Participation in the stock market allows people with higher wealth to essentially have their money working for them in a sense.
Michael Owyan
Economist and assistant vice president at the Federal Reserve Bank of St. Louis

The Fed's economic efforts may represent a 'moral hazard'

The cornoavirus pandemic has both exposed and exacerbated the economic inequality in the U.S. While the federal government has offered unprecedented support, in the form of extended unemployment benefits, small business loans, and stimulus payments, there has been criticism about the assistance from another government entity: the Federal Reserve.

The wealth gap in the U.S. had never been as bad as it was before the pandemic struck. That event, along with some of the central bank's actions, will further accentuate income inequality, some people argue. Since February, the Fed has taken unprecedented action to support the economy and the financial markets, including slashing interest rates to near zero, and buying a variety of assets like bonds and exchange-traded funds (ETFs).

The central bank's actions, rather than what was happening in the economy, fueled much of the market's rally, Richardson notes. "The reason why the markets have been optimistic is because of the Fed. People are not looking at the unemployment rate and cheering that."

Whatever the reason for the surge, investors benefit while noninvestors don't. And a risk for the Fed is what's known as "moral hazard." While the central bank may have good intentions, in other words, its actions could encourage risky behavior that pushes the stock market higher but doesn't get money to the people who need it most.

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When Fed Chair Jerome Powell testified before Congress in June, Senator Sherrod Brown, a Democrat from Ohio, asked: "What are you doing to make sure the Fed's response does not make the existing inequality in this country even worse?"

In response, Powell said a strong labor market "is probably the best single thing that the Fed can do to support gains by all low and moderate income communities and particularly for minority communities who are heavily represented in these groups. Everything we're doing is to try to get the labor market back to where it was in February of 2020."

Still, a return to the pre-pandemic labor market doesn't address the fact that nearly half of Americans are missing out on another way to build wealth by investing in the stock market. "Monetary policy gives support to the financial markets that does not lend as much direct support to income gains," notes Mark Hamrick, senior economic analyst at Bankrate.

"Wealth begets wealth," Hamrick adds, and for people who are lacking wealth, the primary means for obtaining it is through work.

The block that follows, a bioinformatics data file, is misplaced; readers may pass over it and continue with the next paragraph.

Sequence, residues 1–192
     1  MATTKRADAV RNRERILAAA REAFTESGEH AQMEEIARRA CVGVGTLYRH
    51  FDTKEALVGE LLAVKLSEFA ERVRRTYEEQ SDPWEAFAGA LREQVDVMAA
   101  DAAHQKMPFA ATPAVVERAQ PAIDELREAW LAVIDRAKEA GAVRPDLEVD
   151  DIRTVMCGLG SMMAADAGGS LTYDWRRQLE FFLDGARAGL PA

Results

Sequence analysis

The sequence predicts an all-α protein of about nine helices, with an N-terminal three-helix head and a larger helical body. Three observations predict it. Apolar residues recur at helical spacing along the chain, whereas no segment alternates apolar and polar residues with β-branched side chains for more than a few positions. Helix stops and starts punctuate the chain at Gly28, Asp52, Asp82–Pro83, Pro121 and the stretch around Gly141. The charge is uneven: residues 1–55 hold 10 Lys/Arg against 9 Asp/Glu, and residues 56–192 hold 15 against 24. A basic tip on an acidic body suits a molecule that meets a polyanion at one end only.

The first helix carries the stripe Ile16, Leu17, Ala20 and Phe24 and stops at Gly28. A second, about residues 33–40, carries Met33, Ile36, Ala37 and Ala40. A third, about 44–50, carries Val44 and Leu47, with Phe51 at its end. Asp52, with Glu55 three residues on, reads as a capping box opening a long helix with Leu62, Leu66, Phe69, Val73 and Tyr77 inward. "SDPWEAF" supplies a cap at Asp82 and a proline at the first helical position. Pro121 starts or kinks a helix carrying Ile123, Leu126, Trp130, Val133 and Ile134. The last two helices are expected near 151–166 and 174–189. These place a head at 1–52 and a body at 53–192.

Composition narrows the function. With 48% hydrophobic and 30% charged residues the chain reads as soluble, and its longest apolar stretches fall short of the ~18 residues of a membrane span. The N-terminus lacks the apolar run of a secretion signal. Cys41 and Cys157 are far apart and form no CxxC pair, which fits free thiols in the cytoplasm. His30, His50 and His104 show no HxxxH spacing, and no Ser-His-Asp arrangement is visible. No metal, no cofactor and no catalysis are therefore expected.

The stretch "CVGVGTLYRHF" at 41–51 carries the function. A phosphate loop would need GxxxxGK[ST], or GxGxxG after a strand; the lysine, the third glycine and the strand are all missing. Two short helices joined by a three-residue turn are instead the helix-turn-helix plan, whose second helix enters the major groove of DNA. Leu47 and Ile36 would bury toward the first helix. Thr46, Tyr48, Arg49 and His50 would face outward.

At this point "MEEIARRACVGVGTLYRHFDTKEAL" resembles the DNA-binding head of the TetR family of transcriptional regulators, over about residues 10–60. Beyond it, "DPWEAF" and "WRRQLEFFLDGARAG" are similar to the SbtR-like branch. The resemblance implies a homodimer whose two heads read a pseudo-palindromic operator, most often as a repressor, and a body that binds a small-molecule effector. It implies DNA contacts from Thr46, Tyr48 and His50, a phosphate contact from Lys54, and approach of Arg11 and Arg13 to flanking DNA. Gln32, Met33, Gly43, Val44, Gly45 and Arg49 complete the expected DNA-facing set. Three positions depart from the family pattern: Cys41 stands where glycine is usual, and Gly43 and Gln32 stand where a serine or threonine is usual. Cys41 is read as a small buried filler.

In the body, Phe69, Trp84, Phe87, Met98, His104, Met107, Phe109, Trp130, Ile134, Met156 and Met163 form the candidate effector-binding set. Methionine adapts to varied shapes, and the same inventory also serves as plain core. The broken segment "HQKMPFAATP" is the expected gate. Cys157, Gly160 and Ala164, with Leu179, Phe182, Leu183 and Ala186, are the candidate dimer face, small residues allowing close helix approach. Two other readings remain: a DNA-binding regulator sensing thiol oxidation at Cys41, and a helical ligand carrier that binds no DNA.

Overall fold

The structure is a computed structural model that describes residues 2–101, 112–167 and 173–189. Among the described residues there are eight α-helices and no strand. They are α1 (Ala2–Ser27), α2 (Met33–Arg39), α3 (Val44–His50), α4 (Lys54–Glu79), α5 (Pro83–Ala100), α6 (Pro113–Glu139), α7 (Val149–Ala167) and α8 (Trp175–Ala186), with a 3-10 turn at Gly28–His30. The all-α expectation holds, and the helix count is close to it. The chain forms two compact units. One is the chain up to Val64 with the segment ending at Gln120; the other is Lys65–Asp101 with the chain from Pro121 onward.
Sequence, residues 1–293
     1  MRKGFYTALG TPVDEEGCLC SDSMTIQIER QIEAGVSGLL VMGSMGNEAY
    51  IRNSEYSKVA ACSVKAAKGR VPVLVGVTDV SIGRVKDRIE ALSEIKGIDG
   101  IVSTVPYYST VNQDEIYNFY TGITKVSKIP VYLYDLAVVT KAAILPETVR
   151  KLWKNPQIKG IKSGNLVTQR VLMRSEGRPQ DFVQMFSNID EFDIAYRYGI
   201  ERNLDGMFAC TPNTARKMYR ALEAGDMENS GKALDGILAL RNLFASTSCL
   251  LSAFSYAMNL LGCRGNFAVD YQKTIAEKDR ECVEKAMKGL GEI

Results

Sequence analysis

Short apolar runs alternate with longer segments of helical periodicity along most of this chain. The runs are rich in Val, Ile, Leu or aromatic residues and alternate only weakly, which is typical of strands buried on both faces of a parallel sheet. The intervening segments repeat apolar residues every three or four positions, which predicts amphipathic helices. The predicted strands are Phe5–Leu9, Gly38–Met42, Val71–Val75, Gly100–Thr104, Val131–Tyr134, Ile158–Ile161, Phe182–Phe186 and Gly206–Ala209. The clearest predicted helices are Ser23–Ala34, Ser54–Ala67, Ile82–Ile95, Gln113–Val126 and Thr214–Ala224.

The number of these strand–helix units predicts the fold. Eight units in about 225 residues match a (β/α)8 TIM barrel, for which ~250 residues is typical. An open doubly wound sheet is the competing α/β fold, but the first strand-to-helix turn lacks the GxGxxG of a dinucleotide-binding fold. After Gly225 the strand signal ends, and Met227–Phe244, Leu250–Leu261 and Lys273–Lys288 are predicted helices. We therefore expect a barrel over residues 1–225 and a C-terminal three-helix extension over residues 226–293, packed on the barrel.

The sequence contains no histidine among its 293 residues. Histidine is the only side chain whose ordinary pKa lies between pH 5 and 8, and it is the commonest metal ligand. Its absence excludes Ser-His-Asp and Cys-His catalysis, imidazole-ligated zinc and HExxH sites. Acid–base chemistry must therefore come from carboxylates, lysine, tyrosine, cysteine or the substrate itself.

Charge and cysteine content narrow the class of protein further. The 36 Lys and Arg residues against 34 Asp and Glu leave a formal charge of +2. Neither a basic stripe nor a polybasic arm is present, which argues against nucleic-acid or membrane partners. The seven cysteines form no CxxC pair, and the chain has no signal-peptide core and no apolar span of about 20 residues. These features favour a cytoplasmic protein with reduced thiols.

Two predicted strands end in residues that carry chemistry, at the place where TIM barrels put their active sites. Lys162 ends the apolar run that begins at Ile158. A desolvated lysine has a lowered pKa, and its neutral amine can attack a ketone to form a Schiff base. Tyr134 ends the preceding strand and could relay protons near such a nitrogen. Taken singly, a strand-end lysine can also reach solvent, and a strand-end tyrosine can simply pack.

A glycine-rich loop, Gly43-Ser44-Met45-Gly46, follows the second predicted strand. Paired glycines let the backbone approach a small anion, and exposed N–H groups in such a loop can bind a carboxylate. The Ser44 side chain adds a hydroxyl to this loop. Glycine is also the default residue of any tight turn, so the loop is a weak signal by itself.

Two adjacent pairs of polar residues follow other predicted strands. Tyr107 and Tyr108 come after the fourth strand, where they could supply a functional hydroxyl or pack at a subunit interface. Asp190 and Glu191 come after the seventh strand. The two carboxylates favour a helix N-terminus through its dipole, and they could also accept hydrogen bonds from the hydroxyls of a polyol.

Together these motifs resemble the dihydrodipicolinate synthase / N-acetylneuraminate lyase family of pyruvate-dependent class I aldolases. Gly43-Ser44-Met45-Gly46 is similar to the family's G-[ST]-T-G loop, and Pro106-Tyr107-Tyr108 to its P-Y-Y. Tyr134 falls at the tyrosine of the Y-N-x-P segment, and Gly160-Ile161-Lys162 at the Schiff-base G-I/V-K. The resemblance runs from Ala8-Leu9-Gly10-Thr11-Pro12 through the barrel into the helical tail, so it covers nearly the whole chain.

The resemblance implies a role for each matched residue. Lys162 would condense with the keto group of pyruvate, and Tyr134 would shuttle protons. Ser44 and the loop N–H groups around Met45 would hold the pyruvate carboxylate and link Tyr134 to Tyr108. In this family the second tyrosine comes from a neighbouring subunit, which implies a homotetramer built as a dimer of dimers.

Wealth begets wealth.
Mark Hamrick
senior economic analyst at Bankrate

Investing can be a way for everyday people to build wealth

Looking at who benefits most from the rising stock market, is investing an answer to the problem of rising inequality? That's not an easy solution to a complex problem, both Hamrick and Owyang say.

"I'm not sure if it's appropriate to view it as a symptom or a cause," Hamrick says, adding that people should not divert income that would otherwise be used for necessities into the stock market. "Given the fact that we know Americans are under-saving for emergencies, putting short-term savings into realms where they cannot easily access it is not a good idea."

"Investing more doesn't imply investing wisely," Owyang adds. What's more, when the stock market does endure the short-term fluctuations like we've experienced this year, wealthier people often have the means to ride that out, whereas lower income Americans often "don't have that safety net of savings," he says.

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Still, investing is one of the things that can help people to achieve their financial goals, Hamrick says. Bankrate surveys over the years have shown that the top financial regrets for Americans are not saving for retirement sooner and not having enough money saved for an emergency.

Experts recommend an emergency fund that can cover at least three to six months worth of expenses. And then, with any leftover savings, you can start making small investments in the stock market to build your wealth, and gradually increase that amount over time.

"It's prudent to look at stock investing, or investing more broadly, as something that's consistent with the idea of achieving your financial goals," Hamrick says. "In an ideal world, a larger number of Americans would have greater flexibility with their finances that they could invest in the stock market."